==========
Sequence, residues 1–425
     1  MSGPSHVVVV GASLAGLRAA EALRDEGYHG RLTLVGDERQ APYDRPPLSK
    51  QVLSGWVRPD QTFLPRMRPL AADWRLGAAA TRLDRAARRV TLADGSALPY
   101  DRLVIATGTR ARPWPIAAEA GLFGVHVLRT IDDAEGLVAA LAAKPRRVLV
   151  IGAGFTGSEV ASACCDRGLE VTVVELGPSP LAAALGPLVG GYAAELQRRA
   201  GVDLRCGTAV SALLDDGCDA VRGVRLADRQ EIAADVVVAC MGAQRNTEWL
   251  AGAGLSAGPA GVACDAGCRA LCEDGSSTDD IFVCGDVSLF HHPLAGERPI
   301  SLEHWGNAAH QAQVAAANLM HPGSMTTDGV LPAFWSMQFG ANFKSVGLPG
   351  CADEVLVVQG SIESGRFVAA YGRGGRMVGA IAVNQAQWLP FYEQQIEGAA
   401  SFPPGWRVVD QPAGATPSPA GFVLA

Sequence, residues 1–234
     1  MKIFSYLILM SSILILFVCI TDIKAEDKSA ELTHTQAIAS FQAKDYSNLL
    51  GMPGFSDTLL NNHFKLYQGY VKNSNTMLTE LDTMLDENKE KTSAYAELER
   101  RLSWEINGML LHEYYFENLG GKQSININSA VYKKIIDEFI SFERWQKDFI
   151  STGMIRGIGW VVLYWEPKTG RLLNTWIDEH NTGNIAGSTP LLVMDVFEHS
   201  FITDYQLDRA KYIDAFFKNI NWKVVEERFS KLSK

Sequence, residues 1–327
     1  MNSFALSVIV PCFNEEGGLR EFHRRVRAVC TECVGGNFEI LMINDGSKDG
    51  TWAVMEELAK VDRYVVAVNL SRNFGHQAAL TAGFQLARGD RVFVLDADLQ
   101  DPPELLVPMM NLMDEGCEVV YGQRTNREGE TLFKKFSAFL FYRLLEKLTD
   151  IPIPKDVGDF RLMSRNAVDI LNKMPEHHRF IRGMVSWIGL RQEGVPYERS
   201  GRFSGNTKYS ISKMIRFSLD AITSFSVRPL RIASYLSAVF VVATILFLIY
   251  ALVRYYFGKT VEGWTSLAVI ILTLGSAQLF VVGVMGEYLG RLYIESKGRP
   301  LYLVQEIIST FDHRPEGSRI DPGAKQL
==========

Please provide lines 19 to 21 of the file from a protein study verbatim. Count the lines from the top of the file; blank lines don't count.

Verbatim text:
    51  TWAVMEELAK VDRYVVAVNL SRNFGHQAAL TAGFQLARGD RVFVLDADLQ
   101  DPPELLVPMM NLMDEGCEVV YGQRTNREGE TLFKKFSAFL FYRLLEKLTD
   151  IPIPKDVGDF RLMSRNAVDI LNKMPEHHRF IRGMVSWIGL RQEGVPYERS